Corrine Brown – Page 5 – Florida Politics

Corrine Brown’s motions will fail, says Ronnie Simmons’ lawyer

Less than a year ago, Corrine Brown and Ronnie Simmons were yoked at the hip, as Congresswoman and Chief of Staff.

Less than six months ago, both were off the federal payroll — yet yoked as co-defendants in the One Door for Education fraud case.

Much has changed since then.

Simmons struck a plea deal with the feds in February, pleading guilty on two counts, with his sentencing contingent on substantial cooperation with the feds.

As part of that cooperation, Simmons had to testify against his old boss — whose attorney, in an otherwise torpid defense, actually brought the fire in the cross-examination.

Now, as Simmons waits to find out his fate, Corrine Brown seeks to alter hers, with motions last week for a new trial and an acquittal.

The motion for a new trial was predicated on a claim that the juror who got bounced because he was compelled in decision-making by the Holy Spirit was removed erroneously. And the motion for acquittal was predicated on essentially re-litigating the trial, to again make the case that Brown was a dupe of her staffer and his girlfriend, and she was too old and enfeebled to do anything about it.

Simmons’ lawyer, Anthony Suarez, spoke with FloridaPolitics.com’s Terry Roen in Orlando Wednesday. He is skeptical of these motions.

“I’ve examined the motions and believe they’re not strong enough because they don’t cite a lot of case law,” said Suarez. “They’re not going to be successful.”

He also said he anticipated the defense attacking his client.

“I compare it to the Whac-A-Mole game,” said Suarez. “The prosecutor and Brown took turns whacking my client.”

Suarez, from the beginning of pre-trial proceedings, was frank in saying that he expected a plea deal for his client — a marked departure from Corrine Brown, who was adamant in taking the case to trial.

In the post-trial strategy discussions, there still seems to be a wide divergence between the pragmatic Suarez and Brown, whose defense seems predicated on a cult of personality that effectively expired when Brown lost her primary to Al Lawson in August 2016.

Corrine Brown motions seek new trial, acquittal after fraud conviction

Is the Holy Spirit an external force? That concept is, improbably, what the appeal for a new trial of convicted former U.S. Congresswoman Corrine Brown is predicated upon.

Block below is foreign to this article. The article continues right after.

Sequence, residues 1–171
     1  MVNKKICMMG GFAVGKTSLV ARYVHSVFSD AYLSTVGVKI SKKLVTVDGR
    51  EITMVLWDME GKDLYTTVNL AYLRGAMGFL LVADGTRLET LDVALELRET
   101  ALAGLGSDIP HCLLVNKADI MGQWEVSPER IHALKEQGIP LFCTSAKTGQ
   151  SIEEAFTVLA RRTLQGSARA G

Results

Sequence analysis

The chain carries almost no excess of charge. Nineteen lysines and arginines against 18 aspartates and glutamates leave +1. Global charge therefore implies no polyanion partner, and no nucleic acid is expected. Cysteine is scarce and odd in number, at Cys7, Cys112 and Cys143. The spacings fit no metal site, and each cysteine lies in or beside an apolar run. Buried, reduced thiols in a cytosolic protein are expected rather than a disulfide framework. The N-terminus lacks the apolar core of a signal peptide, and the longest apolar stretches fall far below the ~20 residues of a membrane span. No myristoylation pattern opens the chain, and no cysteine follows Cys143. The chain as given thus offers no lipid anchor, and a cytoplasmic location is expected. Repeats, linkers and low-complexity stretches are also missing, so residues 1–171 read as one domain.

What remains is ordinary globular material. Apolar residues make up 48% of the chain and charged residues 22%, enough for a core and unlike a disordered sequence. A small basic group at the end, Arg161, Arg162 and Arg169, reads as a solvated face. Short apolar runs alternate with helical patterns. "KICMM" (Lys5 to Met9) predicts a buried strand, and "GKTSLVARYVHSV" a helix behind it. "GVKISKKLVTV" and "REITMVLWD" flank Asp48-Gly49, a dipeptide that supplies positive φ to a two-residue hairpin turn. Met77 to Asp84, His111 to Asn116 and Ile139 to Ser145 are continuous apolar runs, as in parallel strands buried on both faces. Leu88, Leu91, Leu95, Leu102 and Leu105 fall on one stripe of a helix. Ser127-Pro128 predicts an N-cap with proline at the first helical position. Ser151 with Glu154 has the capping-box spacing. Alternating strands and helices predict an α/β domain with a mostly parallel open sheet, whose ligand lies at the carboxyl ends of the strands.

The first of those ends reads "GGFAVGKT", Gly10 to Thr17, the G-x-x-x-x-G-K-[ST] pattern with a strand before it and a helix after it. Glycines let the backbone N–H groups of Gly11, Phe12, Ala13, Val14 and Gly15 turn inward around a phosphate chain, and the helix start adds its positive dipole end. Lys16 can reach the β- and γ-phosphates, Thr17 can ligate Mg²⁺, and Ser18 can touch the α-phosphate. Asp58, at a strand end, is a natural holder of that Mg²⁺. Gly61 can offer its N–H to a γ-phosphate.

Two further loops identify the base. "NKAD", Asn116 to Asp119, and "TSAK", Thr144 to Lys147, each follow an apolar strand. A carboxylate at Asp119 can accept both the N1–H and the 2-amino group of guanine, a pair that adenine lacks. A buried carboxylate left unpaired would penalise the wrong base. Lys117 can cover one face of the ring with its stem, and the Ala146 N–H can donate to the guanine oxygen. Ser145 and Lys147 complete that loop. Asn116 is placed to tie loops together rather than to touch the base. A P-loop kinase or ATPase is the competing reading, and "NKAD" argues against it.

Meanwhile, Brown’s lawyers also filed an acquittal motion late Thursday, contending that the government did not prove its case, as some One Door money went toward charity, and there was no hard evidence that Brown conspired to defraud donors.

New trial motion: Brown was convicted of 18 fraud and tax counts in May, and her lawyer made no secret of his intent to file for a new trial.

This motion is filed on unique grounds: the jury was corrupted because a juror was removed for deeply held religious convictions, and the Holy Spirit guiding someone does not disqualify that person from jury service.

On Thursday,  Brown filed her motion – and the Holy Spirit took a prominent role in the narrative, via the dismissed juror who some say was railroaded off the trial. And others maintain was just less than stable

“During deliberations, Juror 13 said the holy spirit had told him that Ms. Brown was not guilty. The Court found that the holy spirit was an external force, and dismissed the juror. After Juror 13 was dismissed, Ms. Brown was found guilty. The Court’s finding that the holy spirit is an external force is not supported by the record. There is a substantial possibility the holy spirit was actually the juror’s own mind or spirit1 telling him that one or more witnesses had not testified truthfully. Therefore, justice requires that Ms. Brown be granted a new trial,” the motion reads.

More on the juror: “Juror 13 told the Court that his religious beliefs were not interfering with his ability to decide the case based on the Court’s instructions and the evidence. A 37. He said he had followed the evidence, and that he was going to make a decision based on “what I think and believe.”

That included such as “guidance from Heaven.”